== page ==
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Judging Acts

Ontario Curriculum Expectations

Grade 7 Social Studies
Grade 8 Social Studies
Grade 10 Aboriginal Peoples in Canada
Grade 11 Understanding Canadian Law (University Prep)
Grade 11 Understanding Canadian Law (Workplace Prep)
Grade 12 Canada: History, Identity, and Culture
Grade 12 Canadian and International Law
Grade 12 Aboriginal governance: Emerging Directions


Expectations (Grade 7 Social Studies)
History: Conflict and Change
Overall Expectations

By the end of Grade 7, students will:

  • describe the causes, personalities, and results of the rebellions of 1837 in Upper and Lower Canada

  • evaluate the social, economic, political, and legal changes that occurred as a result of the rebellions

Specific Expectations
Understanding Concepts
By the end of Grade 7, students will:

  • explain the major political changes that resulted from the rebellions and their impact on the Canadas (e.g., Durham Report, union of the Canadas, achievement of responsible government)

History: All Above
Specific Expectations

Developing Inquiry/Research and Communication Skills
By the end of Grade 7, students will:

  • formulate questions to facilitate research in specific areas

  • analyse and describe conflicting points of view about a series of historical events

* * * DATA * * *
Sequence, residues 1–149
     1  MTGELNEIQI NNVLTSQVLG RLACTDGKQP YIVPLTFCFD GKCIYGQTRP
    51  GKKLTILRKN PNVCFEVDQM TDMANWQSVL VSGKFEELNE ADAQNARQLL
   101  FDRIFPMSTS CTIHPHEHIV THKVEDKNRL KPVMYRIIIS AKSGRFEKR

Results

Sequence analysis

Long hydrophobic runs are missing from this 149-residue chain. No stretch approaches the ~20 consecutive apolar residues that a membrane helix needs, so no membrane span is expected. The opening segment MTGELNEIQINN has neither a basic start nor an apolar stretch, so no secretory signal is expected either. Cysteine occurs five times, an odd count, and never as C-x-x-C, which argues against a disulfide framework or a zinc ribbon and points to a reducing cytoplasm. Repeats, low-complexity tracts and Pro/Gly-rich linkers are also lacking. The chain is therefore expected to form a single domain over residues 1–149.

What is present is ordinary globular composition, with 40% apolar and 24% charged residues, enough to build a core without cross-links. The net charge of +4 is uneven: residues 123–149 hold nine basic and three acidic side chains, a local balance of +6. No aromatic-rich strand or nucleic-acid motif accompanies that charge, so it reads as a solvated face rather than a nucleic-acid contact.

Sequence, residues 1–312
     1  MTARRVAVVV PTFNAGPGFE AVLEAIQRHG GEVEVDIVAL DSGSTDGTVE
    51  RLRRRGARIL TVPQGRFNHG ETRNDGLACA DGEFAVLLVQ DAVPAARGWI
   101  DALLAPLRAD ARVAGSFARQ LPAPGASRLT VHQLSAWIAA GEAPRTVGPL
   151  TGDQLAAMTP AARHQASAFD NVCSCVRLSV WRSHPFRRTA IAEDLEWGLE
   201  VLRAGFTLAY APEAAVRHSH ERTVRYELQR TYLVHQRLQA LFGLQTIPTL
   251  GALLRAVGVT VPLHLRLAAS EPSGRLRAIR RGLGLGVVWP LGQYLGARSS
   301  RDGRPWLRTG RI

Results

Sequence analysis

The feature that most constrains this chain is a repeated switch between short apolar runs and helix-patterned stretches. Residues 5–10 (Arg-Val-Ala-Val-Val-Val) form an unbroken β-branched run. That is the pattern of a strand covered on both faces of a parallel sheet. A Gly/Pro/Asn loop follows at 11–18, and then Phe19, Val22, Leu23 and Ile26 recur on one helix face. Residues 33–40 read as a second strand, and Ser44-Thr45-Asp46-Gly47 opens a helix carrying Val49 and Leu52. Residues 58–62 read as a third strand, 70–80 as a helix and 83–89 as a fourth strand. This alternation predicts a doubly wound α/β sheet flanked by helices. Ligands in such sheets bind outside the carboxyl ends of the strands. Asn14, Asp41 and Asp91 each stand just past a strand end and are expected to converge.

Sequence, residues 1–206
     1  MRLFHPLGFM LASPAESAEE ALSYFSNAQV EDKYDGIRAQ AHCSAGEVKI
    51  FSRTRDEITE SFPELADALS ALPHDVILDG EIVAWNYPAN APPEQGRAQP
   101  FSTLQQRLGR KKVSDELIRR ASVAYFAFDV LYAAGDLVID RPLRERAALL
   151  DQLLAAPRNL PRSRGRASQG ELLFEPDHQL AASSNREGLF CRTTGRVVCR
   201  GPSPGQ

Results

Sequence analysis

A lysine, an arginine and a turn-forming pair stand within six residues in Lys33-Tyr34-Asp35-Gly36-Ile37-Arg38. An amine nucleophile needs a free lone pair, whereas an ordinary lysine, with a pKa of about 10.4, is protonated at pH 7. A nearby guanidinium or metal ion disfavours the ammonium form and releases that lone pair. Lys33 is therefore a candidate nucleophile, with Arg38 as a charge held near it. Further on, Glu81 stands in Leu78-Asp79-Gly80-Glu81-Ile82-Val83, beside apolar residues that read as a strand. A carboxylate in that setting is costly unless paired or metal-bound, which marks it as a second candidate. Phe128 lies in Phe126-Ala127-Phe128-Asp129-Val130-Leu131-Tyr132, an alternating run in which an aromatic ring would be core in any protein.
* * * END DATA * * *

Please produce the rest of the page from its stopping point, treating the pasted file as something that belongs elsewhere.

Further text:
• communicate the results of inquiries for specific purposes and audiences, using media works, oral presentations, written notes and reports, drawings, tables, charts, and graph


Expectations (Grade 8 Social Studies)
History: Confederation
Overall Expectations

By the end of Grade 8, students will:

  • demonstrate an understanding of the factors that contributed to Canada's Confederation

Specific Expectations
Understanding Concepts
By the end of Grade 8, students will:

  • identify external and internal factors leading to Confederation (e.g., political deadlock, inter-colonial trade, reciprocity, Corn Laws, Fenians, Manifest Destiny, transportation, defence)

History: All Above
Specific Expectations

Developing Inquiry/Research and Communication Skills
By the end of Grade 8, students will:

  • formulate questions to facilitate research on particular topics

  • locate relevant information, using a variety of sources

  • analyse, synthesize, and evaluate historical information

  • analyse and describe conflicting points of view about an historical issue

  • communicate the results of inquiries for specific purposes and audiences, using media works, political cartoons, oral presentations, written notes and reports, drawings, tables, charts, and graphs


Expectations for Aboriginal Peoples in Canada
Grade 10, Open
Sovereignty
Overall Expectations

By the end of this course, students will:

  • identify historic and contemporary events affecting the self-determination of Aboriginal peoples

Methods of Historical Inquiry